Smartphone penetration levels have been increasing in developed markets where premium smartphones find the most takers. In the United States for example, smartphone penetration (as a percentage of mobile users) stood at close to 80% as of Q4 2015 according to comScore Considering that smartphone replacements, rather than adoption is likely to drive further sales, shipments in these markets could grow at a slower pace than before. IDC expects U.S. smartphone shipment growth to expand at 2.4% CAGR between 2015 and 2019 and it is possible that there could be declines in other markets such as Japan. Samsung has been looking to address the market headwinds with heavy investments in R&D and product development, churning out differentiated products such as the Galaxy S7 Edge. However, Samsung faced a significant setback in Q4 2016, after it had to pull the plug on its flagship Galaxy Note 7 - a well reviewed device that was seen as the firm's most ambitious effort to take on the iPhone - after several units of the device exploded on account of a manufacturing defect. Samsung received a lot flak regarding its handling of the recall and it's possible that this could create customer trust issues, impacting sales of its premium smartphones in the near-term.
Pricing pressure for low and mid-tier Handsets
Although emerging markets such as India still offer scope for near double-digit (or higher) smartphone shipments growth, realizing attractive pricing and margins is proving tricky. Local manufacturers have been offering smartphones with attractive specifications at affordable prices, appealing to aspirational yet price conscious customers. Some local manufacturers sell their products at near cost, aiming to eventually turn a profit as component prices fall, or by providing other internet based services. The Chinese market for instance is currently dominated by local players such as Huawei and Oppo, while vendors such as Micromax and Intex have made significant inroads into the Indian smartphone market.
Mobile devices driving demand for NAND and mobile DRAM
Mobile devices such as smartphones and tablets have been driving up demand for NAND memory. Although smartphones sales are slowing, while tablet shipments have actually declined, the demand from this market should continue to grow at a robust pace, as the NAND memory density of these devices rises. Smartphones are increasingly sporting higher resolution camera and displays, which will require a greater amount of memory to store such high-definition content.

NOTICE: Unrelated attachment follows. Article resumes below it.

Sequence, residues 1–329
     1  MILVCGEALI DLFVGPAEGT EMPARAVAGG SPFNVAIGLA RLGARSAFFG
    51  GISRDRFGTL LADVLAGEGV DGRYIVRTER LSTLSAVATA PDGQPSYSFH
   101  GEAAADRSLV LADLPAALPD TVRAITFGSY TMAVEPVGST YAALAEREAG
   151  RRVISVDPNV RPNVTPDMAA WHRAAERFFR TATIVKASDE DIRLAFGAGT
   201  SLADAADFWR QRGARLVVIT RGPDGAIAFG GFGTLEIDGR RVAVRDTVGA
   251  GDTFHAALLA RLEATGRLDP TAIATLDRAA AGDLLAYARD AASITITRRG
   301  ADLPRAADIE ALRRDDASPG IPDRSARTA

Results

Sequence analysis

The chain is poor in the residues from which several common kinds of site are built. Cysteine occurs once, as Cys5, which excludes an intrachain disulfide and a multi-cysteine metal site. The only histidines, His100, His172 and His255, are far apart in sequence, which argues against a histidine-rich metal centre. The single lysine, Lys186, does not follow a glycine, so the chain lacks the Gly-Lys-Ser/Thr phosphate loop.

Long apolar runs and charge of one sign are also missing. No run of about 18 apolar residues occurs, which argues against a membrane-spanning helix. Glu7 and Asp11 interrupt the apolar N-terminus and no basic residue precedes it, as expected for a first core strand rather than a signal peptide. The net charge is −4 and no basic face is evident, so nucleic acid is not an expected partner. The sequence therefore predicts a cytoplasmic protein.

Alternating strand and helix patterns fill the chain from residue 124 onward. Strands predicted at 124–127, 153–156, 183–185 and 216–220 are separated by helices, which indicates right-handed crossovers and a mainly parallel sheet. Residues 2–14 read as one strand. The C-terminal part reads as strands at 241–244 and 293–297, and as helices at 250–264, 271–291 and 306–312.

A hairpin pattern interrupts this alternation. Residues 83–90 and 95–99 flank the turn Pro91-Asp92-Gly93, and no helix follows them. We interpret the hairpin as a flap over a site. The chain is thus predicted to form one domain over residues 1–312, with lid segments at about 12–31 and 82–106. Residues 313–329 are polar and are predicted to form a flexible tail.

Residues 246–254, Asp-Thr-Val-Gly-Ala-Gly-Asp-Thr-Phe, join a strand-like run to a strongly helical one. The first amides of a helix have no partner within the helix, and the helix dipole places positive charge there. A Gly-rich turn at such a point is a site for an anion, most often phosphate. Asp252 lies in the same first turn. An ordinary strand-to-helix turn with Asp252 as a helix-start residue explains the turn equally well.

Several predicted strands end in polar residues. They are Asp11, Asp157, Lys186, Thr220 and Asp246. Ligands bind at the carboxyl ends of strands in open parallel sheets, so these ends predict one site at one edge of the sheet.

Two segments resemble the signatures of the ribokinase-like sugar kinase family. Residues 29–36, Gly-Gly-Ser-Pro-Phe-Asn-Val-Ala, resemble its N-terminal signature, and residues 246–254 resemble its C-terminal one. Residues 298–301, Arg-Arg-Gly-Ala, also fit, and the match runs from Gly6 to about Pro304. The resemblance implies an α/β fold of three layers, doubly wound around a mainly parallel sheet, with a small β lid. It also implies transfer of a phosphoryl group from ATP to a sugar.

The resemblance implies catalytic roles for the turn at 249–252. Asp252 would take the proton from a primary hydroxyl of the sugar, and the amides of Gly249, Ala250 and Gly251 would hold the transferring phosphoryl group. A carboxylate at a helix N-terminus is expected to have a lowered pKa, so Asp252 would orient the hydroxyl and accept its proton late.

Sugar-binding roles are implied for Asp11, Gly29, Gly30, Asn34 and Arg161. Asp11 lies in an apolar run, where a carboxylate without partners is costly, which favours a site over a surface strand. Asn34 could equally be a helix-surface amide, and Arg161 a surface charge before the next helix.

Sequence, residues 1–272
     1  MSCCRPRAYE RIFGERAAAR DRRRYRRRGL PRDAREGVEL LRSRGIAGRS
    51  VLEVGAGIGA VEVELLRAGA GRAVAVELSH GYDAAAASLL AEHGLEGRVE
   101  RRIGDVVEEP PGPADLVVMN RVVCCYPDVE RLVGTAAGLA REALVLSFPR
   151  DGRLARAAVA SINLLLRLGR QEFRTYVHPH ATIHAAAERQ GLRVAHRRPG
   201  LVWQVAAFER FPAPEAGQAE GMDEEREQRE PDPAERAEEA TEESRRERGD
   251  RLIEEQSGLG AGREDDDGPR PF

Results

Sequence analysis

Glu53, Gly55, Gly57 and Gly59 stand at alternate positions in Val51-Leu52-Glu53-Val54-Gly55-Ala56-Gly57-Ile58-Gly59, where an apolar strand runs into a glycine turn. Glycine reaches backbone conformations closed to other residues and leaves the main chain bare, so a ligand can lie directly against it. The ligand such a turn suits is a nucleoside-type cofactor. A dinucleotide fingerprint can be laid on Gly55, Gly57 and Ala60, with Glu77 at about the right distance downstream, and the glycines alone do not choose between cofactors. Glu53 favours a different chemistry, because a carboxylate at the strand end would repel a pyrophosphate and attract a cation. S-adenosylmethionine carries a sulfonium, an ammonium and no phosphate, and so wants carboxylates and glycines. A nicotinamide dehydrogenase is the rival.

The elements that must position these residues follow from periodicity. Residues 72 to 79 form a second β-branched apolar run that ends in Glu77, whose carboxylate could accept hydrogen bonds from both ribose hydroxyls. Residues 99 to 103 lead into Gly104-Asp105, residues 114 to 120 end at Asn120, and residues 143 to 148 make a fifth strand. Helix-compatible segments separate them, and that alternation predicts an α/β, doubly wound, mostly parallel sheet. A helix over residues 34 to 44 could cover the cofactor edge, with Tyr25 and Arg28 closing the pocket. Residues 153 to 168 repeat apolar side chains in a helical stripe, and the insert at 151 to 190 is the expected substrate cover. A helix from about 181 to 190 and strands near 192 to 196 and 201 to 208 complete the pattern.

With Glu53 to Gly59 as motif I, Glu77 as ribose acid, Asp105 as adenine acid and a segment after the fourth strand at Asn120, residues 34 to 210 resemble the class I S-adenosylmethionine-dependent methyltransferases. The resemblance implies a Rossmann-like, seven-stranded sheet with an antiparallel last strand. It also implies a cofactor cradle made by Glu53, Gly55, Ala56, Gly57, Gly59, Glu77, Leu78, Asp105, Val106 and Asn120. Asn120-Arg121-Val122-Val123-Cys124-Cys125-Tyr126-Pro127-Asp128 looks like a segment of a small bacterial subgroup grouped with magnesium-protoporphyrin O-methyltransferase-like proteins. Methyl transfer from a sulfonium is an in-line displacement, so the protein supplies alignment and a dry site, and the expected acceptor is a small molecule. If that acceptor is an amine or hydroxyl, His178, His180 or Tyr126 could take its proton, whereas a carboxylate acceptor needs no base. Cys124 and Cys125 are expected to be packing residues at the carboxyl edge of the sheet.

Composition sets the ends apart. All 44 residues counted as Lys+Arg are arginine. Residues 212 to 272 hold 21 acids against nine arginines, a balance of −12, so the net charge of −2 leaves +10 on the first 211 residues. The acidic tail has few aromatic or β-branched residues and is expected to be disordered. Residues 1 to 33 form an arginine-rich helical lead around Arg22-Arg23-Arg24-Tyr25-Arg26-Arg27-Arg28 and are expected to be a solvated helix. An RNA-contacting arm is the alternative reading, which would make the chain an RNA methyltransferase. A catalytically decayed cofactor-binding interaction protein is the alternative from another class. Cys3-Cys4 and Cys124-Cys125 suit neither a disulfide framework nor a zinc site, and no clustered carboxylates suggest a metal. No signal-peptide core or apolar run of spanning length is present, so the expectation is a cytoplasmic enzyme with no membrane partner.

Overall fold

Mobile DRAM has been the most attractive product segment for DRAM vendors. Mobile DRAM production is based on known demand levels, pricing is mostly driven by cost reductions and not by the wild fluctuations of supply and demand that are more typical of commodity DRAM. Samsung for instance has been expanding manufacturing of its 20nm-class of DRAM of late, in order to drive profitability and drive product differentiation.
Mobile DRAM shipments were projected to reach 20.5 billion Gb
in 2015, up 12x from 2010.
Cyclical nature of memory markets
The DRAM and NAND memory business is largely cyclical, since the products are largely commoditized and also because lead times for bringing on new manufacturing capacity are quite long. The business cycle comprises four phases.
1. When the memory markets are under supplied, it results in strong pricing and profitability for vendors. This prompts companies to construct, equip or contract new production facilities to increase capacity. The lead time for constructing new facilities typically averages 1 to 2 years for for DRAM.
2. When new capacity comes online, the memory markets will be oversupplied and this results in falling pricing and profitability for vendors. Companies become more circumspect with respect to their capex plans at this juncture and the focus shifts towards driving cost efficiencies.
3. Prices continue to fall and often approach cash cost levels. The lower prices typically lead to higher demand (particularly for NAND memory, which sees greater elasticity)
4. The reduced supply brought about by lower investments in fabrication capacity begins to help pricing, as demand is stable/growing. The improved pricing, coupled with lower costs begins to help vendors improve profitability.
As of late Q3 2016, the DRAM market appeared to be entering a phase of under supply, particularly for PC DRAM chips.
How Does Trefis Modelling Work?
How do we get the historical numbers for this chart?
Trefis has a team of in-house Analysts who gather historical data from company filings and other verifiable sources. When historicals are available, we explain how we got them at the bottom of the Trefis analysis section below.
Who came up with the Trefis forecast for future years?
The Trefis team of in-house Analysts considers a variety of factors when projecting any forecast. The rationale for our projections is explained in the Trefis analysis section below.
How does my dragging the trendline on the chart impact the stock price?
- We use forecasts for business drivers to calculate forecasted Revenues and Profits for each division of the company.
- We then use forecasted Profits in a Discounted Cash Flow (DCF) model to obtain the Price Estimate for the company.
See more on: DCF Methodology